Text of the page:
By Jesse Jackson Sr.
Our history involves both hard facts and interpretation — the context in which the hard facts are presented. Interpretation inevitably is political and contested. How we see the past reflects how we live in the present and what we hope for in the future.
That’s what makes Florida Gov. Ron DeSantis’ efforts to impose a new curriculum for public school instruction on African American history both revealing and repellent. A furor has grown about the new state guidelines for the history of slavery, which call for students to learn that “slaves developed skills which, in some instances, could be applied for their personal benefit.”
Depicting slavery as a jobs training program and a civilizing mission for the Africans who were enslaved has long been a central theme of those seeking to justify slavery. The ugly reality, of course, is that Africans were brought here in chains against their will and were bought and sold as chattel. They had no choice in what work they did or how they lived. The vast majority died in slavery.
In the 1857 Dred Scott decision, Chief Justice Roger B. Taney ruled for the Supreme Court — in what is viewed as the worst decision in history — that enslaved people were not citizens of the United States, and had no rights under the federal government.
It took a Civil War — the most violent conflict in American history — and the 13th, 14th and 15th Amendments — for slaves to gain freedom, and even the possibility to develop skills “for their personal benefit” or to choose their mates, build their families, own property and more.
And the brief moment of freedom offered in the post-Civil War Reconstruction Era was met across the South with bands of white terrorists, systematic suppression of the right to vote, brutal use of the criminal justice system to turn Blacks into prison labor, segregation of schools and public facilities. In Plessy v. Ferguson in 1896, the Supreme Court ruled that segregation was legal under the Constitution, depriving African Americans of equal justice under the law for 100 years after the Civil War.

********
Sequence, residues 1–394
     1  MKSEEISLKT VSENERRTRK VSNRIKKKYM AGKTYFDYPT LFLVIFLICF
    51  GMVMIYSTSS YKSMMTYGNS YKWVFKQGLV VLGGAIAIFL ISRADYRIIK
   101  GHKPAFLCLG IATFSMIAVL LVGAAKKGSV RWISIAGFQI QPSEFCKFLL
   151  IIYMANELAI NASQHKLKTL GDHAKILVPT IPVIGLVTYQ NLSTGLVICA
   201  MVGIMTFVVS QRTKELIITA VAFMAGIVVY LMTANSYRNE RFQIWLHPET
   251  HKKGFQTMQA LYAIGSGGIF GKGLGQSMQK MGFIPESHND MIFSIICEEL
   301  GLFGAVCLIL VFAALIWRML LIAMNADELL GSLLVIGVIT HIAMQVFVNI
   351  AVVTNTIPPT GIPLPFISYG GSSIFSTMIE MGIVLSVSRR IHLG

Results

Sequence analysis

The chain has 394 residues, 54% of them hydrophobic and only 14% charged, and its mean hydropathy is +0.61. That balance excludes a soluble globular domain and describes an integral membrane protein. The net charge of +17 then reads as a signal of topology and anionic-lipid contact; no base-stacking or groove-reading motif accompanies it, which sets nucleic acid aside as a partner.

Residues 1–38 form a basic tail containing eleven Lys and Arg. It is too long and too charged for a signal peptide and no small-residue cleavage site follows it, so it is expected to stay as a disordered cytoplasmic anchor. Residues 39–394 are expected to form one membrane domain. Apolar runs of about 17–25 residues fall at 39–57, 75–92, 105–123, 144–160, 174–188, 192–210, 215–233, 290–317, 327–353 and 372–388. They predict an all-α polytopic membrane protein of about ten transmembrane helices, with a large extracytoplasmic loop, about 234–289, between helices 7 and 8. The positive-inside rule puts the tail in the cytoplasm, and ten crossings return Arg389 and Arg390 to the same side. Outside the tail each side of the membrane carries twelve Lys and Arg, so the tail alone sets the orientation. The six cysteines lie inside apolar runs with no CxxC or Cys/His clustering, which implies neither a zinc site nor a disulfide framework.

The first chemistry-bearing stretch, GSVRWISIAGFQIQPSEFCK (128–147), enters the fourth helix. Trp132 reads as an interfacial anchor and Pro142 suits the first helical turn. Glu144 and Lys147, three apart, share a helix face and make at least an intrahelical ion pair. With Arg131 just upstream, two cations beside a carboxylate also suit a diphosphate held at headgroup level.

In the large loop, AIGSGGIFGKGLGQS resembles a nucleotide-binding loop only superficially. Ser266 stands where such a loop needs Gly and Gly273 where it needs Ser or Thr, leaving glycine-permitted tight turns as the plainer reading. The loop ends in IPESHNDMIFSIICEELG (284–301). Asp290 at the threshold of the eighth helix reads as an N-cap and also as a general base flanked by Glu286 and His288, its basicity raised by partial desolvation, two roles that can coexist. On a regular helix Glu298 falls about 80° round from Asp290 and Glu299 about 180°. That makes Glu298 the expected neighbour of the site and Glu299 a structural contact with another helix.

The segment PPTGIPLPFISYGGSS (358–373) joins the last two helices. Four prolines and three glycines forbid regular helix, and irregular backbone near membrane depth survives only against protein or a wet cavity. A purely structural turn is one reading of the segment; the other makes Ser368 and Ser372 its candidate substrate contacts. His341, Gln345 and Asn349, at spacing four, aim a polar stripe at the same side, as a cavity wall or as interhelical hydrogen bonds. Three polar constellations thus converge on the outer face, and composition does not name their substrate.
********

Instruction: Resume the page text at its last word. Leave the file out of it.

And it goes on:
During the century of segregation, the Civil War was taught as a “lost cause” of state’s rights. Slavery was often portrayed as a “benevolent institution.” The Reconstruction was depicted as a time of rapacious carpetbaggers and lecherous Black politicians preying on innocent whites throughout the South. It was only with the civil rights movement, courageous work by honest historians, and the Supreme Court overturning Plessy in Brown v. Board of Education, that our schools began to teach something closer to reality.
DeSantis hand-picked the Florida board that approved the new curriculum instruction. It is part of the central theme of his presidential campaign: what he calls the “war on woke.” “Woke,” his spokesman reported, is the “belief that there are systemic injustices in American society and the need to address them.” DeSantis doesn’t believe in that. So he naturally turned his attention to purging the schools of books, and purging the curriculum of unvarnished history. He touts his “Stop Woke Act” which protects students from any instruction to “feel guilt, anguish or any other form of psychological distress” due to their race, color, sex or national origin.
It is impossible to describe slavery, the horrors like the Greenwood Massacre in Tulsa, Oklahoma, or Bloody Sunday in Selma, Alabama, without causing “distress” at the reality of our racial history. It is impossible to understand today’s America — and the women’s movement, the Black Lives Matter movement, the fight over rights for members of the LGBTQ community — without looking at how entrenched biases still scar our quest for equal justice under the law.
DeSantis, of course, thinks that he will benefit politically by touting his pasteurized version of history and his “war on woke.” That hasn’t gone so well. Despite burning through tens of millions of dollars, his presidential campaign is stalled. The more people see of him, the less they seem to like him. He wanted to present himself as a competent Donald Trump, Trump’s venom without the legal mess, but that doesn’t seem to be selling.
Perhaps DeSantis is discovering that racial dog whistles don’t have the strength they used to have. Much of the backlash to his curriculum has come from Black Republicans. The young generation is turning against DeSantis and other Republicans in overwhelming numbers. They seem to be more comfortable with their diversity and more impassioned about the gun violence that is killing them, the economy that doesn’t work for them and the extreme weather that threatens their very future. Now that would be a lesson worth teaching.